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:: REARING PREYING MANTIDS


Having seen a bit of interest in mantids going on in recent months I thought that it might be of some use to share my experiences of rearing young African mantids.

A fertile female Sphodromantis will lie around half a dozen egg cases, or ootheca, during the adult phase of her life.

Each ootheca contains somewhere between 200-400 eggs, so when a case hatches be ready for a serious number of very agile offspring about 3-4mm long. They are quite fragile and will drown in water droplets, so watch the humidity and try to keep it down to a level that doesn't cause continual dripping in their housing.

The young will cannibalise so I found it best to separate a good number straight off and house them individually in plastic cups with a bit of fine net curtain secured over the top with an elastic band. Fruit flies or micro crickets are the food to feed initially. I got into a 3 day routine of feeding the mantids and then potting on the fruit fly cultures. I tried to make sure that the young mantids always had a slight surplus of food in order to ensure that they were never left hungry and thereby achieved good growth.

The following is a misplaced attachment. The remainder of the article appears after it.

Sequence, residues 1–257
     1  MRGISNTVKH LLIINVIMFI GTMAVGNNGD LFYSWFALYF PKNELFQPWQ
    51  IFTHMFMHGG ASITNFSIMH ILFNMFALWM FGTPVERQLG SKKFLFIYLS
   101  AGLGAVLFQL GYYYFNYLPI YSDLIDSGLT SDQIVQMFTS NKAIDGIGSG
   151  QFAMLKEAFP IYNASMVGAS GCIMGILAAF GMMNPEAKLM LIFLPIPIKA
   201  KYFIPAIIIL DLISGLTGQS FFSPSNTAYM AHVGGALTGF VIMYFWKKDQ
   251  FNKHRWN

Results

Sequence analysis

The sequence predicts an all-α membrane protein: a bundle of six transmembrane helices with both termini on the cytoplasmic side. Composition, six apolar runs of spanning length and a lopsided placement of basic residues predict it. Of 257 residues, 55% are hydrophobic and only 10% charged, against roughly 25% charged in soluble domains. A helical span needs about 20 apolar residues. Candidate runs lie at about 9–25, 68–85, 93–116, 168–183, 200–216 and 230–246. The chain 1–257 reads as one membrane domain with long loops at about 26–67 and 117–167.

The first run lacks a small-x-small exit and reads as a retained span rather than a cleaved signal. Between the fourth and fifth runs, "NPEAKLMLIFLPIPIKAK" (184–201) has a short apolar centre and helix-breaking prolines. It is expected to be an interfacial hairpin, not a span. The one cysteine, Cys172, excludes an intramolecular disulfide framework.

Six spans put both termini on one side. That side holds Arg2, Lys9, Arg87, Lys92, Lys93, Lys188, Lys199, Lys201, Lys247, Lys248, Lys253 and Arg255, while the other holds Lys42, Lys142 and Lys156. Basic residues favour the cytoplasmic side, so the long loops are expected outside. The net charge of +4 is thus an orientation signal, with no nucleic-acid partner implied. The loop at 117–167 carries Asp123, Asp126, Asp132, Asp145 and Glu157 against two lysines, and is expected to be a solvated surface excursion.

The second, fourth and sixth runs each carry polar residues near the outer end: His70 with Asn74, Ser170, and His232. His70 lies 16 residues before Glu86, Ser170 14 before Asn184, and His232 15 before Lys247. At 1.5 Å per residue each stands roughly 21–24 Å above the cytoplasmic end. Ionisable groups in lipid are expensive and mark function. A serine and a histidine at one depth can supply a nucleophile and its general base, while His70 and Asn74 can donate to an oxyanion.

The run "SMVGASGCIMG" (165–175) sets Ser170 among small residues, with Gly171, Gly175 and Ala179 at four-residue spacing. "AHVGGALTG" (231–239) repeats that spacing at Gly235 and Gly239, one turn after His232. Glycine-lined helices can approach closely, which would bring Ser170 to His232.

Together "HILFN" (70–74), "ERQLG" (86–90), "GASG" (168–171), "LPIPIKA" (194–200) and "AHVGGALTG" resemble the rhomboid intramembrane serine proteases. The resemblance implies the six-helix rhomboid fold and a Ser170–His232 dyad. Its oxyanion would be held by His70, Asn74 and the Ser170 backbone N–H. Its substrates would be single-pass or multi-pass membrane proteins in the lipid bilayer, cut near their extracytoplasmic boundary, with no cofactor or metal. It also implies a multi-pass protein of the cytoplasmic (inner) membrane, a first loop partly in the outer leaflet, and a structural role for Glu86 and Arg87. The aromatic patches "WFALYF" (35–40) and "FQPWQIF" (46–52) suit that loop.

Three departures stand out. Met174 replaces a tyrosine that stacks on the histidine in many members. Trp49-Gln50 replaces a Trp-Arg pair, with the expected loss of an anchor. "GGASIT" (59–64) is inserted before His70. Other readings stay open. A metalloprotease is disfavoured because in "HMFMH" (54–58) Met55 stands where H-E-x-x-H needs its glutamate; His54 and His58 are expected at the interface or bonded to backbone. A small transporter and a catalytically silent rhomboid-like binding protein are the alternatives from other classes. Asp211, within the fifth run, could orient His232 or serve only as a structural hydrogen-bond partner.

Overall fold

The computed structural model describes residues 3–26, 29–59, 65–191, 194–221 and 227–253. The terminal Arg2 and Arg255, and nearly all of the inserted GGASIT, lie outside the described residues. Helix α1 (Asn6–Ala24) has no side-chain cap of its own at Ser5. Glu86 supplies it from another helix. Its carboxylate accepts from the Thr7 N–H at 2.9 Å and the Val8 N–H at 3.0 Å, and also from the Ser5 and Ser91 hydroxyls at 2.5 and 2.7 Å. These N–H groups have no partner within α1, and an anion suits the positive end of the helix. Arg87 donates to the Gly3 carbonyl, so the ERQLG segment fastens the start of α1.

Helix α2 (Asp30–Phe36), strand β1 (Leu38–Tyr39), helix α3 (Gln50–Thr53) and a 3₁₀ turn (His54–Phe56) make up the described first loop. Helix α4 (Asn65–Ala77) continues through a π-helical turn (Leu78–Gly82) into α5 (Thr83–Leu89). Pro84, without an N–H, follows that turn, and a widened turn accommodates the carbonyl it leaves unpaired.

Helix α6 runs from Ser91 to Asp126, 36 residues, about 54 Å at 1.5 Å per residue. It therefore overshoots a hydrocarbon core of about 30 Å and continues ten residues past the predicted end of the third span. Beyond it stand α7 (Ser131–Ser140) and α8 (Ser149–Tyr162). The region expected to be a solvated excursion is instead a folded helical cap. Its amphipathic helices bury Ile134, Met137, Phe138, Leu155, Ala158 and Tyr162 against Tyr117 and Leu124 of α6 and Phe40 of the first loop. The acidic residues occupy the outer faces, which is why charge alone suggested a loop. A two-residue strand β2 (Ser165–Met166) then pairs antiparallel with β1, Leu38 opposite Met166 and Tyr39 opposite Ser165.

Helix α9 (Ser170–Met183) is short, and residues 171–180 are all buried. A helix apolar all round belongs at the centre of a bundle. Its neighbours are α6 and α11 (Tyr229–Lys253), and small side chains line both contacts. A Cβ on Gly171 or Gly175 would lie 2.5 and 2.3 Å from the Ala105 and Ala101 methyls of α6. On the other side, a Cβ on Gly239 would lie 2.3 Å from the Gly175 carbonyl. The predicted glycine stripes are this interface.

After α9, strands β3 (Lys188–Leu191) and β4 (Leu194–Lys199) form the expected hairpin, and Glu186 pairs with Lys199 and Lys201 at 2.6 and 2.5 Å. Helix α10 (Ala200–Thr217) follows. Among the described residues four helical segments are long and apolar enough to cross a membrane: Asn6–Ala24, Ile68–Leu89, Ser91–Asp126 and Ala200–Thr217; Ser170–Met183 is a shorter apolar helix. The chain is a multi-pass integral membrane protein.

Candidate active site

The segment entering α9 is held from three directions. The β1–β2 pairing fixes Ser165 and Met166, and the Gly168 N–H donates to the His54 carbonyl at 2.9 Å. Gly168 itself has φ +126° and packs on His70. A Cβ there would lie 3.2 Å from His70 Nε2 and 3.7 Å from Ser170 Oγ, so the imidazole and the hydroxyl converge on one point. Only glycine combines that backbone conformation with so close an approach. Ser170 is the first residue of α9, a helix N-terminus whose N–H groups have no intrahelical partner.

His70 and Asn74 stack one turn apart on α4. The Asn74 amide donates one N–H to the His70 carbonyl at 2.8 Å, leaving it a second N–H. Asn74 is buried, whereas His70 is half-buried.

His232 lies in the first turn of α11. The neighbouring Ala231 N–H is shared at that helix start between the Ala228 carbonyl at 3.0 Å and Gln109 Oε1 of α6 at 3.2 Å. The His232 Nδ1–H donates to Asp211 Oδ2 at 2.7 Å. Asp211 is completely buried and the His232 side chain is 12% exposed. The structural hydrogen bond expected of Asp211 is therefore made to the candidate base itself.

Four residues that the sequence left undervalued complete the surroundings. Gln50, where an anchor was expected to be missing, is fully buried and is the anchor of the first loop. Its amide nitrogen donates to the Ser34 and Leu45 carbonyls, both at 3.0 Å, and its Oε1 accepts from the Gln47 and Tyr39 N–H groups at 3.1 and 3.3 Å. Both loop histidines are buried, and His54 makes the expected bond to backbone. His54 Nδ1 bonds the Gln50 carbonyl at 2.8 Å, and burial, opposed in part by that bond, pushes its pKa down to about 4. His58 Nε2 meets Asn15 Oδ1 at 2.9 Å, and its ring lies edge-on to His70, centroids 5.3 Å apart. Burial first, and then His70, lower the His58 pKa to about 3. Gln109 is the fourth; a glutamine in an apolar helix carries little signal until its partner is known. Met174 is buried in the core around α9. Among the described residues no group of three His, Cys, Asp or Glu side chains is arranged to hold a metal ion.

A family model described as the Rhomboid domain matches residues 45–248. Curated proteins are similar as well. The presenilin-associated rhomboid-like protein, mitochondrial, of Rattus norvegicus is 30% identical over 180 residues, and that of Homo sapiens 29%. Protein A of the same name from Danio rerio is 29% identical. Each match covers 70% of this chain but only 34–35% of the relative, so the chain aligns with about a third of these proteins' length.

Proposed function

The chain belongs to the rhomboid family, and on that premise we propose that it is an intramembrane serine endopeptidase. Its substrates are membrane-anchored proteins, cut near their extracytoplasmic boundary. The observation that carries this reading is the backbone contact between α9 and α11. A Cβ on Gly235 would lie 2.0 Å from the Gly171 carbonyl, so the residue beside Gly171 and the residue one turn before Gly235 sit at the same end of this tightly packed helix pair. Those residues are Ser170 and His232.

As the young mantids grow they shed their skin every few weeks and roughly double in size each slough. After a couple of sheds they'll take crickets up to nearly their own size. (Sphods will overcome surprisingly large food items.)

Aim to feed them enough to keep their abdomen slightly inflated; a flat abdomen is not a good sign.

Keep the cages out of direct light and as the mantids grow and shed you may find that they turn out green. Keep them in direct light and they may well go brown.

I kept my babies in their cups inside a box and then put the whole lot in a warm cupboard to try and encourage good keen growth with no disturbance. The adults I just keep at warm room temperature with no additional cage heating.

An adult female Sphod will take an adult locust or two a week, an adult male one locust a week or so. I leave food in for 24 hours and then remove any uneaten items.

As the youngsters grow you need to make sure that they have enough height in their cage in order to shed, as they shed downwards from their perch. Floor height to perch must be at least 3 times the length of the mantid